Exciting work out of the Sinclair lab shows that winding back the hands of the epigenetic clock with Yamanaka factors resets the genome for cell regeneration – even restoring vision.
A recently-published paper in Nature has caused rather a stir; Lu, Sinclair et al. have shown that neurons in the eye can be reset to a youthful state in which their ability to regenerate is switched back on. As well as signposting a powerful potential therapeutic target for age-related neuronal diseases, the research is another step to unlocking the secrets of the mechanisms of aging.
Longevity.Technology: Age is one of the major risk factors for glaucoma, the most common cause of human blindness, as well as a risk factor for the progression of the disease. As well as having an impact on healthspan and quality of life, blindness hugely impacts on independent living ability.
Lead author Yuancheng Lu, PhD, a research fellow in genetics at Harvard Medical School and a former doctoral student in Sinclair’s lab summed up the research when he said it “could potentially revolutionize the treatment of the eye and many other organs affected by aging .”
Discovery of four transcription factors that can remove epigenetic markers on cells, reverting them back to their original pluripotent embryonic state, won their finder Shinya Yamanaka the Nobel Prize for Medicine 2012. However, using the powerful Yamanaka Factors is risky as they can trigger tumours and rewind cell states so far their identities are wiped.
To avoid this, the research team left gene c-Myc out of the line-up, using the other Yamanaka genes, Oct4, Sox2, and Klf4. These were delivered into the retinal ganglion cells (RGCs) of adult mice with an optic nerve injury using an adeno-associated virus (AAV).
The researchers saw a significant reversal of the age-related vision deficits that the mice had. As well as reversing the glaucoma-like condition, the delivered factors stimulated the regrowth of optic nerve fibre. In short, the previously-lost vision was restored in mice with and without the glaucoma-like condition, with the number of RGCs surviving post-injury doubled, and a five-fold increase in nerve regrowth demonstrated.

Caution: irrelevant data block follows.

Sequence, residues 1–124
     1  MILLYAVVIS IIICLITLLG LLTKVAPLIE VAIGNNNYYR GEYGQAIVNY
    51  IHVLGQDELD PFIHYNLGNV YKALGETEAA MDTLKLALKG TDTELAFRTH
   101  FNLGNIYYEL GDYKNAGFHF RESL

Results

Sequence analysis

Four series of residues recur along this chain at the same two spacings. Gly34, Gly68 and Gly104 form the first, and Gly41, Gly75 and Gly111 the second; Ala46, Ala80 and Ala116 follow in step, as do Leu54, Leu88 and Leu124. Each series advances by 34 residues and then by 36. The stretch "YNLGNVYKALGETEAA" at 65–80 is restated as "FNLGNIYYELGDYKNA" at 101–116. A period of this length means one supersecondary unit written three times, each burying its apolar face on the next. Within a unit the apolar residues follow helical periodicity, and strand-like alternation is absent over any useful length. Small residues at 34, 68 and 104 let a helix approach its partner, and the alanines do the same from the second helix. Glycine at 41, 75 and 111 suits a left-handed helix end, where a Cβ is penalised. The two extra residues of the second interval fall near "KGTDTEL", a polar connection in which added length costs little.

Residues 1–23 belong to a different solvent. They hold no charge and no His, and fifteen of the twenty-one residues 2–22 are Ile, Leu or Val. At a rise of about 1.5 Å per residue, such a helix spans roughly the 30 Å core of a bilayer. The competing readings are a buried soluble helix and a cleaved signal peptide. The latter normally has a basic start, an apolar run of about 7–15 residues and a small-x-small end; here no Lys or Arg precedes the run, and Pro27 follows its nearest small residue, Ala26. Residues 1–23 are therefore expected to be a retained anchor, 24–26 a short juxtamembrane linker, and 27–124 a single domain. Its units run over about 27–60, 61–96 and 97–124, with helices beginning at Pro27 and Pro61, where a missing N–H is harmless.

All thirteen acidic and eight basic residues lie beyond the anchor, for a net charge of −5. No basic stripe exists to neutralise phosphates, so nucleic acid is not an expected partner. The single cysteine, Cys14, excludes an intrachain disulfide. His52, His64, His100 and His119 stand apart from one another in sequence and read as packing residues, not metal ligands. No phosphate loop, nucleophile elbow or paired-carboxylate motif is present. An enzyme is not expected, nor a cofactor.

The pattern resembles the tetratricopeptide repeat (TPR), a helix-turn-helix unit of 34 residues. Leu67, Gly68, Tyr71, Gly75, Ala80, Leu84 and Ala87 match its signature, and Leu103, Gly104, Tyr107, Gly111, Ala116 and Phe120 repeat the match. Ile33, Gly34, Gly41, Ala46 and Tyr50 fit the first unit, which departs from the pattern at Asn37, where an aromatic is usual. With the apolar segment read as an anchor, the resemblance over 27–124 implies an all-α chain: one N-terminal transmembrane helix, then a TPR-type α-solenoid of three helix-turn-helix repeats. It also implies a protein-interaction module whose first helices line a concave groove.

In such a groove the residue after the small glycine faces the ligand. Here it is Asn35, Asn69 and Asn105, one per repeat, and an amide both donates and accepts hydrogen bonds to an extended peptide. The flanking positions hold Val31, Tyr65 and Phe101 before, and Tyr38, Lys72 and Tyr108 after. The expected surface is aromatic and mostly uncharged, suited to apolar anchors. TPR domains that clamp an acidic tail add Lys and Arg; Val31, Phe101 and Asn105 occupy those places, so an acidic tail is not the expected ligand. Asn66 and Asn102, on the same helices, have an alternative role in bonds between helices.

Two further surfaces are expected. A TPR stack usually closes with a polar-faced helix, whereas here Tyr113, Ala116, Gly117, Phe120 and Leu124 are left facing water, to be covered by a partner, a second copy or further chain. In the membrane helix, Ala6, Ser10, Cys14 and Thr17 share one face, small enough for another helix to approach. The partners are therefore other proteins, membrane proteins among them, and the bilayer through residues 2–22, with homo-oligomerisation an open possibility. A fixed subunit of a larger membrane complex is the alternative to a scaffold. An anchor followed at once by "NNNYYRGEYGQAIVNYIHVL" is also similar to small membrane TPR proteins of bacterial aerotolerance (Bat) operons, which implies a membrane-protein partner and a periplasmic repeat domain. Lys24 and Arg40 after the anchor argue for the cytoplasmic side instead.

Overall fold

“Our study demonstrates that it’s possible to safely reverse the age of complex tissues such as the retina and restore its youthful biological function,” said senior author David Sinclair, PhD, professor of genetics in the Blavatnik Institute at Harvard Medical School, co-director of the Paul F Glenn Center for Biology of Aging Research at HMS, and David Sinclair, PhD, and Co-Founder & Chairman of the Board at Life Biosciences .
“Our study demonstrates that it’s possible to safely reverse the age of complex tissues such as the retina and restore its youthful biological function.”
The team theorised that as methylation adds extra methyl groups onto DNA over time, the genetic instructions become degraded, with genes that should be switched on actually switched off and vice versa. Predictable DNA methylation changes are used in aging clocks to work out biological age, and the team thought that by using the Yamanaka factors to erase some of these methylation footprints, the biological age of the cells could be rewound – something that has been done in cells and tissue in the lab, but not in living organisms before.
Sinclair, Lu and the team are aware that findings need to be repeated in a range of different animal models, before human experiments can be considered. However. they are confident that the “results offer a proof of concept and a pathway to designing treatments for a range of age-related human disease .”
“If affirmed through further studies, these findings could be transformative for the care of age-related vision diseases like glaucoma and to the fields of biology and medical therapeutics for disease at large,” commented Sinclair .